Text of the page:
The same AEL lignin was depolymerized through oxidative procedures using peracetic acid, and its applications as an antibiotic replacement in the fuel ethanol industry were explored. The resulting bio-oil had a low degree of depolymerization that mostly produced unidentifiable lignin oligomers. Nonetheless, this bio-oil displayed highly selective antimicrobial properties, with up to 90% inhibition of commercially sampled lactic acid bacteria (LAB) at 4 mg/ml and no inhibition of yeast. Using the bio-oil (4 mg/ml) as an alternative antibiotic treatment during simultaneous-saccharification and fermentation of raw corn starch showed an 8% increase in ethanol production at a yeast to LAB ratio of 1:100, compared to untreated contaminated controls. The ability of the bio-oil to improve ethanol yields clearly shows its efficacy as an alternative antibiotic and that depending on depolymerization method lignin derivates can display a variety of useful antimicrobial properties/applications.

The final study was the first attempt in the literature to predict the antimicrobial properties of lignin derivatives using quantitative structure−activity relationship (QSAR) models. First, the open-access database ChEMBL, with non-lignin specific compounds, was used to create datasets of compounds with MIC activity measurements against both B. subtilis and E. coli. Machine learning algorithms were used to develop the QSARs for the large ChEMBL datasets and were found to underpredict the antimicrobial activity of actual lignin compounds. Conversely, as metanalysis of the literature containing MIC data of lignin derivatives were used to build QSAR models with ordinary least square regressions (OLS). An accurate QSAR model for E. coli was not found, but a satisfactory model was obtained for the B. subtilis metanalysis dataset. Molecular Operation Environment (MOE)-type descriptors and the number of aliphatic carboxylic acid groups showed strong correlations to the MIC values (R2 of 0.759). Comparatively, an additional dataset was experimentally derived by screening 25 lignin monomers and three dimers against B. subtilis by measuring bacterial load difference (BLD). This datasets QSAR, using OLS, found that MOE-type descriptors and the number of aromatic hydroxyl groups were better predictors of BLD (R2 of 0.831). Thus, the smaller datasets highlighted how the variability in antimicrobial measurements and the specific compounds used will impact the predictive nature of the resulting QSARs. Overall, this entire work provides critical knowledge and guidance on using lignin as an antimicrobial source in different industrial processes/products and the identification of lignin derivatives with enhanced activity.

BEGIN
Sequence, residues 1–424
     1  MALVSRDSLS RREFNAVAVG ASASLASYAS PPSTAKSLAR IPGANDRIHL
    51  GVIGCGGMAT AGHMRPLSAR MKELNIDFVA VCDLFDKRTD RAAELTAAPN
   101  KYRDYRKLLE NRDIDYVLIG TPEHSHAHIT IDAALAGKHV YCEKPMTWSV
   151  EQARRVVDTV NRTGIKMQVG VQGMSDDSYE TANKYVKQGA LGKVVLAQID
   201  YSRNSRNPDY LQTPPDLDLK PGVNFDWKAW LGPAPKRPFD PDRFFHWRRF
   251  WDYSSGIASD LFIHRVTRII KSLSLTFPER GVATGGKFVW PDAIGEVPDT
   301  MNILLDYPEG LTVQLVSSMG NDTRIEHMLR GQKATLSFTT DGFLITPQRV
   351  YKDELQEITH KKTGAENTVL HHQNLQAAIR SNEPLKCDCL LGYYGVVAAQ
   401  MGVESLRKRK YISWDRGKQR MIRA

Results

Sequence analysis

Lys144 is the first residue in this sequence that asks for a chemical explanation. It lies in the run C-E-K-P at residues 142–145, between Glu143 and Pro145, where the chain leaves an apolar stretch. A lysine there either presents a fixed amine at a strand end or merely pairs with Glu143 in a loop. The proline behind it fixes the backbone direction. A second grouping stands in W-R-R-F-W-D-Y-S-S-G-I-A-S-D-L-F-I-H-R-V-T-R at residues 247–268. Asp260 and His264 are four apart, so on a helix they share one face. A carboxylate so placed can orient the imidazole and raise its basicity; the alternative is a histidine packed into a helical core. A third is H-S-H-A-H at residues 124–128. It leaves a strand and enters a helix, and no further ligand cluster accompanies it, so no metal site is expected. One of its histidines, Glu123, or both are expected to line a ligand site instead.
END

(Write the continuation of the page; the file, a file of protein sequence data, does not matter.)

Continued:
Digital Object Identifier (DOI)

Funding Information

This study was supported by the National Science Foundation under Cooperative Agreement No. 1355438 and 1632854 (2016-2020). This work was also supported by the National Institute of Food and Agriculture, U.S. Department of Agriculture, Hatch-Multistate project under accession numbers 1018315/1003563 (2018 - 2023).